You remember 2008, of course? Leona Lewis was everywhere with Bleeding Love. The Spanish started dominating football with a string of victories that saw them lift the Euro 2008 trophy. And as we entered the end of the Bush administration, the global financial crash (GFC) smashed apart the world economy and everything turned to piss.
There are so many narratives to weave into that potent little period of time between the dramatic fall of Lehman Brothers in September and our gradual escape from recession a year or so later. Nestled somewhere in the middle of all of that was the bruising story of what happened to Tesco.
Traditionally a beneficiary of tough times, Tesco took a beating during the GFC because times had changed. Specifically, the two mighty German discount retailers – Aldi and Lidl – had established themselves in the UK by 2008 and both operated brands built on value, private labels and no-nonsense. Perfect fodder for a recessionary British shopper suddenly looking to save money.
You can be a master of negotiations. Have the biggest, strongest brand in the category. Enjoy double-digit growth. None of it matters.
In the space of 18 months, Tesco lost a full percentage point of market share with much of it ending up with the German discount duo. That might not sound much. But in a relatively stable category where a single percentage point of share is worth almost £2bn, you can imagine how much impact it had on the people at Tesco.
And in many ways the GFC moment precipitated the decade that followed. From a high point of almost a third of all grocery sales in the pre-GFC era, Tesco’s market share steadily fell to its current level of 27%. Meanwhile, Aldi and Lidl’s combined share rose during the same period from barely a rounding error at the bottom of the chart to 13% of the market.
Tesco’s price-focused response
It’s easy to see how many at Tesco’s Hertfordshire HQ now see the last recession as the place where the company’s domination was lost and the apparently irresistible rise of the German discounters began. As the British economy heads into its next big recessionary period, one that will probably dwarf the GFC, the big brains at Tesco face the biggest strategic challenge of their careers.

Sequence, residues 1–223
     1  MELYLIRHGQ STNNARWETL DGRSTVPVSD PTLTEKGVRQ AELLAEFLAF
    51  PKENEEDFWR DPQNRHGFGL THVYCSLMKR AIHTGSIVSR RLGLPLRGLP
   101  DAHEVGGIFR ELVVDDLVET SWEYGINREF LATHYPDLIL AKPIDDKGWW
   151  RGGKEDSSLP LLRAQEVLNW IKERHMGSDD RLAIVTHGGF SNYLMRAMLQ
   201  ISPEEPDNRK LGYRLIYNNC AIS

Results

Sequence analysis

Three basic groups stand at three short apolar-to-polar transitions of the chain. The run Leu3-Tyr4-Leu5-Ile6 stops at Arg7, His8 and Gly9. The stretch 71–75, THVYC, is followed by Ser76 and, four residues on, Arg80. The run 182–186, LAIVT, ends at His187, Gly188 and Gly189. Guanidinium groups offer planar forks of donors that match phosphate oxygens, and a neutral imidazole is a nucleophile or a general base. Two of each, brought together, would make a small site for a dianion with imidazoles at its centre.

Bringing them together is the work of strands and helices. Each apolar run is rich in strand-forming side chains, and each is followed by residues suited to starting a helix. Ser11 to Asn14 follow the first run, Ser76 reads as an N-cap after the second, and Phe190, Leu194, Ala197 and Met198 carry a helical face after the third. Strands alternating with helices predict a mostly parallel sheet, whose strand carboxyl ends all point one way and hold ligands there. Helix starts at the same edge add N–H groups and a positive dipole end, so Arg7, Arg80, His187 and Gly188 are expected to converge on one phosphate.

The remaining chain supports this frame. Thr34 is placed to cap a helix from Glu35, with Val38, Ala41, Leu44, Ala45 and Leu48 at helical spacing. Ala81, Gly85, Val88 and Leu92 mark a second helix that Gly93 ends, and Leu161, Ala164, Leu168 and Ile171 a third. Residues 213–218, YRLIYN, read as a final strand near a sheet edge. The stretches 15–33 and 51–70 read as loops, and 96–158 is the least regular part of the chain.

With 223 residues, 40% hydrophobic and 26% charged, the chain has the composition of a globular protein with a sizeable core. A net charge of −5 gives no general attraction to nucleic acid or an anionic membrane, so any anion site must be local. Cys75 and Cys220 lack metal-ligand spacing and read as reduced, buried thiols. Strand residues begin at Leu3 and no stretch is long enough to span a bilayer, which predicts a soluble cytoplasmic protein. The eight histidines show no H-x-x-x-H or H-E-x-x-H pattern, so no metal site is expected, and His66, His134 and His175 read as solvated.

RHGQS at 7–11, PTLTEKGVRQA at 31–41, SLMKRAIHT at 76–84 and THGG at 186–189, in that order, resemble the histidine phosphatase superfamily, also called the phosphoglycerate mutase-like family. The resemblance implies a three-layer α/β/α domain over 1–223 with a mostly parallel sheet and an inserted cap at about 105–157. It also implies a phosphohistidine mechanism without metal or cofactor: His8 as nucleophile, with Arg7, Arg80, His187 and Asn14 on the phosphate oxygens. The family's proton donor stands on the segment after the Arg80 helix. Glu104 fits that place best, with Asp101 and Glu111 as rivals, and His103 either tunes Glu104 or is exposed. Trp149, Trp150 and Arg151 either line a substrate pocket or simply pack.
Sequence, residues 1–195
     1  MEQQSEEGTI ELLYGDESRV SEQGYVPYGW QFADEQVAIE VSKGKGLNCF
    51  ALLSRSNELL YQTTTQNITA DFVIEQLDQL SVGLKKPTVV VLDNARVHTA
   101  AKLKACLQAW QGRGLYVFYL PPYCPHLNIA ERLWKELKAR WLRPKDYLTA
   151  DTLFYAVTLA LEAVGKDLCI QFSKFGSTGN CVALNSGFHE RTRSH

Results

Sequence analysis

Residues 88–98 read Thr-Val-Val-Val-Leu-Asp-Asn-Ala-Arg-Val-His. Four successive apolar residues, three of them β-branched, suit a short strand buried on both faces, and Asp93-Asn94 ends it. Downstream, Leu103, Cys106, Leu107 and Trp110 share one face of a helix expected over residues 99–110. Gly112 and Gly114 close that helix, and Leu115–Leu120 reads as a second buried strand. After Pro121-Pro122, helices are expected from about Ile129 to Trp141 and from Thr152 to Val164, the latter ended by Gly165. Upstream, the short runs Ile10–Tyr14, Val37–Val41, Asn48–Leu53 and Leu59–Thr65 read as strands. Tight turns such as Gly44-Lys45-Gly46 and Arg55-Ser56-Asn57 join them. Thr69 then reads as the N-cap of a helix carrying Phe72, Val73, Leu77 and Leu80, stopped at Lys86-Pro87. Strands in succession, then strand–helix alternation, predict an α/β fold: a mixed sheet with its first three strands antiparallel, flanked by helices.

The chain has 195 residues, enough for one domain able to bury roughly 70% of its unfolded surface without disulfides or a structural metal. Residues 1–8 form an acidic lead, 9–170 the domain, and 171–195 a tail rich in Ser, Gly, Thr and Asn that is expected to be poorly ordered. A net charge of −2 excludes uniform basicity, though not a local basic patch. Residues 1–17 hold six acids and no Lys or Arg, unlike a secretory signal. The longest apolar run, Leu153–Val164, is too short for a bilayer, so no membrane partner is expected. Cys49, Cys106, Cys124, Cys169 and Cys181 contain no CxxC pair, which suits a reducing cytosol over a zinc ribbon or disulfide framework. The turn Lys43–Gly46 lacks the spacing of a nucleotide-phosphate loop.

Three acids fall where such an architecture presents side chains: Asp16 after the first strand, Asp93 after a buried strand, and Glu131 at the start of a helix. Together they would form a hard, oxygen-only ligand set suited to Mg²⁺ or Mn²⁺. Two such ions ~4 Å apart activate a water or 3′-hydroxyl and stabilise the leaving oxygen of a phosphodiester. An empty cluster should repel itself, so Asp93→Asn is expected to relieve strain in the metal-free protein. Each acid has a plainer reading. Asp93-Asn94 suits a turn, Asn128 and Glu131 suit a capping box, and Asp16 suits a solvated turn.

This new recession will not take Tesco by surprise. According to The Grocer magazine, senior executives have already established their new strategy, which will be launched with the campaign slogan of GPED – ‘Great Prices Every Day’ – in the coming days.
Tesco is reportedly pulling back from other promotional activity and will instead focus all its efforts on achieving and communicating the lowest possible retail price to its customers. Suppliers are currently meeting with Tesco to agree on those new prices, with one supplier describing the discussions as akin to being “taken to the precipice”.
Interestingly, there appears to be little focus on Tesco’s fighter brand, Jack’s, which was originally launched two years ago to replicate and counter the threat from Aldi and Lidl. There have been rumours Jack’s is heading to the great supermarket dumpster in the sky. Tesco’s leadership had apparently finally come to the same realisation as the rest of us: that Jack’s would have almost no impact on the German discounters while dividing resources and lessening focus at Tesco when it can least afford it.
Instead, Tesco is using a genuine and sustainable point of differentiation – its Clubcard – as the main tactic against Aldi and Lidl. Clubcard has 19 million members and if Tesco can convince this giant army of shoppers they can access the lowest prices by using their cards, the retailer might avoid the 2008 experience and defend its customer base during this recession.
But the problem for Tesco is an intractable strategic one. It simply cannot match the Germans on price because no-one can. Aldi’s core competence – the central gene in its brand DNA, the thing it does 24 hours a day – is get prices down.
Its focus on less inventory, smaller and more efficient stores, and a preponderance of private label mean Aldi will always be and seem cheaper. And they also mean that Tesco – with its bigger brand equity, larger-format stores and higher-priced inventory of manufacturer brands – will always appear the more expensive alternative.
Even Tesco’s relative domination of the market is a weakness because it means the company will lose proportionately the most to Lidl and Aldi as they continue to grow their share of the UK market.
Markets shift in recessions
So, what is the answer? How does Tesco grow in the face of such difficult rivals?
The short, sad answer is that it will not increase sales in the murky months ahead. And most of Tesco’s executives are probably aware of this fact already. This is not an attempt to grow share, like most marketing campaigns; it is a defensive attempt to maintain sales and restrict losses. What Tesco is trying to do is to limit, but certainly not eradicate, the amount of damage the German discounters will do in the difficult months ahead.
And once again marketers are left with an important insight about recessions. Yes, they are a time when consumers cut back and private labels come to the fore. But they are also a crucible of change for established industries. How big companies handle the changed conditions of the dark years ahead is important in its own right, but it’s far more crucial as a starting point to the post-recessionary period that ultimately follows it.
Like a depressing game of…